Symbolism vs statehood

ECAJ co-CEO Alex Ryvchin.

FORMER US Middle East peace envoy Dennis Ross recently observed that “the Palestinian national movement more than anything else has a preoccupation with symbols. Instead of building a state, the Palestinians would like to get a flag at the UN. The day after they get a flag at the UN, nothing changes.”

Recent Palestinian manoeuvres in the United Nations Educational, Scientific and Cultural Organisation (UNESCO), have followed this pattern.  In October 2016, the executive board of UNESCO passed a resolution that disregarded the connection between Judaism and the Temple Mount and sought to deny the Jewish link to the Western Wall. 

Privately initiated by the Palestinians, the resolution passed with the support of predominantly non-democratic states which form the automatic majority that support every resolution favoured by the Palestinians.

In keeping with the strategy of pro-Palestinian activism in international forums, the Palestinians viewed the resolution not as the limit of what they sought to achieve, but merely an incremental gain in a broader project. 

Last month, UNESCO succumbed to Palestinian demands once more. The second holiest site in Judaism, the Cave of the Patriarchs in Hebron, was recharacterised as a “Palestinian” site.  

The Jewish history of both Jerusalem and Hebron are uncontroversial and supported by overwhelming archaeological and historical evidence, quite apart from religious texts.

In 1929, in an act born of earlier Palestinian denial of the Jewish character of the Western Wall, an Arab mob attacked Jewish civilians in Jerusalem.

Much like the Palestinian push at UNESCO, the outrage began with Jerusalem and quickly spread to Hebron. There, according to an official British report, a large Arab crowd launched a “savage attack” on the Jewish Quarter, “of which no condemnation can be too severe”. By the end of the attack, more than 60 Jews had been killed, property had been destroyed or looted, and the remaining Jews of the city fled in fear for their lives.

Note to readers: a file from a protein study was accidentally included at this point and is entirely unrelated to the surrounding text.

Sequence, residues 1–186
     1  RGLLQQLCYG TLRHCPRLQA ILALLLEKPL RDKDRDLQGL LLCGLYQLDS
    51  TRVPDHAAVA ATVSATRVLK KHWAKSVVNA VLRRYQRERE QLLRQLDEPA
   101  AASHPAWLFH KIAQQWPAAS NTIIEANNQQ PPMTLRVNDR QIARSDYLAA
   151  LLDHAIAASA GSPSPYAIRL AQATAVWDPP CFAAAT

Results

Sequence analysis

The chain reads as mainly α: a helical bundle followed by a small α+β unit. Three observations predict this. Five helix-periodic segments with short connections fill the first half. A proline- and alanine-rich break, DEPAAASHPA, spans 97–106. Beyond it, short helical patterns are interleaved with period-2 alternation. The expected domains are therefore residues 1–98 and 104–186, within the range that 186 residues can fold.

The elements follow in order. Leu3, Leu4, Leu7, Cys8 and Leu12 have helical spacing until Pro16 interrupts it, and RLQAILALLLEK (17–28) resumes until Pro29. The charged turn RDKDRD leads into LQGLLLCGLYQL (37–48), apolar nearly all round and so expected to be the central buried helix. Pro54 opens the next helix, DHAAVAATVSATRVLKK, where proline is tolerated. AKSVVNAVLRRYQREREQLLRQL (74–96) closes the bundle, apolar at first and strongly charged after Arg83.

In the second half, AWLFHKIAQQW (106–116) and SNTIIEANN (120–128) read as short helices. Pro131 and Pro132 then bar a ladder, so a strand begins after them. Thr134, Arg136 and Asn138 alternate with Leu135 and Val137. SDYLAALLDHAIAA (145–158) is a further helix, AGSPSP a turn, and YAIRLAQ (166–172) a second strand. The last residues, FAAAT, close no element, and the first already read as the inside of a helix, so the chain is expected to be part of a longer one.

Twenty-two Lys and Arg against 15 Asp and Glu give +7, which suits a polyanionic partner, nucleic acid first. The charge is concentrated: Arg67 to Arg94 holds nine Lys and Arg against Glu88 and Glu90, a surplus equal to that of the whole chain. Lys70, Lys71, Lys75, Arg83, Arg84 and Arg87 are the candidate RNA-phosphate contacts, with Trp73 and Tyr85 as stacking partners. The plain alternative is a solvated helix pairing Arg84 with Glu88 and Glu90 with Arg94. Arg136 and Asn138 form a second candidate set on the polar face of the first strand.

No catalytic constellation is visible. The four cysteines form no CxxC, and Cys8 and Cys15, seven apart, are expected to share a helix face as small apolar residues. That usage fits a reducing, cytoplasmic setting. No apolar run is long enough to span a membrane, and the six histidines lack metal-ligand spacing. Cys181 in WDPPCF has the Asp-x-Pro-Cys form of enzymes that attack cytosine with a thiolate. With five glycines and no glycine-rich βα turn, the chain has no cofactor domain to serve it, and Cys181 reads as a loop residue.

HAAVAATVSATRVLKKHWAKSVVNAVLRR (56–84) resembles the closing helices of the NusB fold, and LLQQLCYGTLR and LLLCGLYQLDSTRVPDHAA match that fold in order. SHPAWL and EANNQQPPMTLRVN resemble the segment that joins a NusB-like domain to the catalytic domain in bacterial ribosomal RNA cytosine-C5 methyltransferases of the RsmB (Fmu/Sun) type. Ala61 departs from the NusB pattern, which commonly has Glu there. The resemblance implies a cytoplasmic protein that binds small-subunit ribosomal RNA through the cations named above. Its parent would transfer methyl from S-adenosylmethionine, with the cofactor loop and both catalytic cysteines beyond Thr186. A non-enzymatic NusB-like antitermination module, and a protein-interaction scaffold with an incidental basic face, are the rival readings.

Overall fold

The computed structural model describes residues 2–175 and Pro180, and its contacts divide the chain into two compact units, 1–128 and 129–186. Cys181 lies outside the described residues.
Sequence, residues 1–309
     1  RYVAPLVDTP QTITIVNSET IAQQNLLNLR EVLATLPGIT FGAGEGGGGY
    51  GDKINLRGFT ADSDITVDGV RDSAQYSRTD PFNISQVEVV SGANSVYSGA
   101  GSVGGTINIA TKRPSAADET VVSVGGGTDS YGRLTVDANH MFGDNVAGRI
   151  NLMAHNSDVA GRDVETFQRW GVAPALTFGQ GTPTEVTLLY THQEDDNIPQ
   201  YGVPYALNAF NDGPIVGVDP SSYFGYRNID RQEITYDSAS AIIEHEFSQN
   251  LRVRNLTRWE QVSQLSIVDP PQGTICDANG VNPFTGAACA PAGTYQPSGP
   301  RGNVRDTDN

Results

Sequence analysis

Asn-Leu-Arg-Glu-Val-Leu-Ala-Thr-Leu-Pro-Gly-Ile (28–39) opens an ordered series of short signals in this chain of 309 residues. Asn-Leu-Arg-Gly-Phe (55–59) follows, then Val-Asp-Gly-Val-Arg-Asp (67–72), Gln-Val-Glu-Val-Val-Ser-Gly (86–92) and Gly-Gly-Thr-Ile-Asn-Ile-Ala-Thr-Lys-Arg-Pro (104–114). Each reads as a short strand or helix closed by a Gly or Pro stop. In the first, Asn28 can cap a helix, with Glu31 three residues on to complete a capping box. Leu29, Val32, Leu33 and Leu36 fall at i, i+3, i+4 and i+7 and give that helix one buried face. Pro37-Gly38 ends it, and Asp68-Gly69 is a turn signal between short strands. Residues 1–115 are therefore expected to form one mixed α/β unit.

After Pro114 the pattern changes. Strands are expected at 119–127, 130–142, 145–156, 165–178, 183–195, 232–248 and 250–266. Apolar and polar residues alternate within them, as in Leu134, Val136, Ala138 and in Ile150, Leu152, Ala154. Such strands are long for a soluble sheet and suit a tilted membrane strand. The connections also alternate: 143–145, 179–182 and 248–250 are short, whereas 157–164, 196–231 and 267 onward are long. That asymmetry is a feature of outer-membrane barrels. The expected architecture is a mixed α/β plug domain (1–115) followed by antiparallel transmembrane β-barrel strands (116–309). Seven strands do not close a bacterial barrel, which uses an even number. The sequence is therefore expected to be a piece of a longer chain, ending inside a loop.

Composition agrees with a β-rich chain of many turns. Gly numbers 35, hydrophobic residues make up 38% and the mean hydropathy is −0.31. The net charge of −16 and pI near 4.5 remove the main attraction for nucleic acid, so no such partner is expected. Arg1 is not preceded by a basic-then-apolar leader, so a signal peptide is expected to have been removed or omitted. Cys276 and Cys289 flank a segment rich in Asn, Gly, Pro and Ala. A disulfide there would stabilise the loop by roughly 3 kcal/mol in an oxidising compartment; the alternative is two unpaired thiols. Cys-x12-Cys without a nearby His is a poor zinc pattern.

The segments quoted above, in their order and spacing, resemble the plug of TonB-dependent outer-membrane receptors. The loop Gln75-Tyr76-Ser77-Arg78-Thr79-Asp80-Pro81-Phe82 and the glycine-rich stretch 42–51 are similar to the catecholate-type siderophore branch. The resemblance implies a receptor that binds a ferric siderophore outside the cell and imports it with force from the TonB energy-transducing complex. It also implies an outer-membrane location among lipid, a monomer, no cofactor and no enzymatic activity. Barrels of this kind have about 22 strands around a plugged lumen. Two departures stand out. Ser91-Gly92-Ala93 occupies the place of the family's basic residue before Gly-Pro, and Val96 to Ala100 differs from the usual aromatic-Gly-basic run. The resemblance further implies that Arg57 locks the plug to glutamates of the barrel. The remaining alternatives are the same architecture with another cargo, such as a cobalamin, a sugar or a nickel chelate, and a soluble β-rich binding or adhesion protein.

The politicisation of UNESCO at the hands of the Palestinians is a transparent attempt to rewrite ancient history from the standpoint of contemporary politics. UNESCO itself knows this but its democratic processes cannot withstand the anti-Israel agenda of the majority of its members. 

As UNESCO director-general Irina Bokova noted, ”when [political] divisions carry over into UNESCO, they prevent us from carrying out our mission.” Indeed, this is the story of Palestinian activism in the West generally, which has come to occupy a corrosive and outsized position on the agendas of trade unions, churches, social-democratic parties and campus unions. 

Dennis Ross is right in his assessment of the Palestinian obsession with symbolic victories, but he underestimates the human toll of indulging the Palestinian manipulation of international forums. 

UNESCO’s designation of holy sites in Hebron and Jerusalem as not only Palestinian but also threatened, fed Palestinian paranoia about Jewish plots to destroy Islamic places of worship. It also upholds exclusive Islamic claims to sites that predate the Islamic faith. This in turn enables the Palestinian leadership to exploit the prejudices of its people and whip them into frenzies based on false claims of Jewish desecrations. 

The slaughter of the Salomon family at their Shabbat dinner, the attack at a pizzeria in Petah Tikva, the deadly incident at the Israeli Embassy in Amman, and the violent protest outside an Istanbul synagogue, were all attributed to the escalation in Jerusalem. 

Symbolism matters. The statements of universal bodies like UNESCO matter. When international forums are hijacked for the political war on Israel, more often than not, the price is paid in Jewish blood. 


Alex Ryvchin is director of public affairs at the Executive Council of Australian Jewry and author of The Anti-Israel Agenda – Inside the Political War on the Jewish State. Signed copies can be purchased at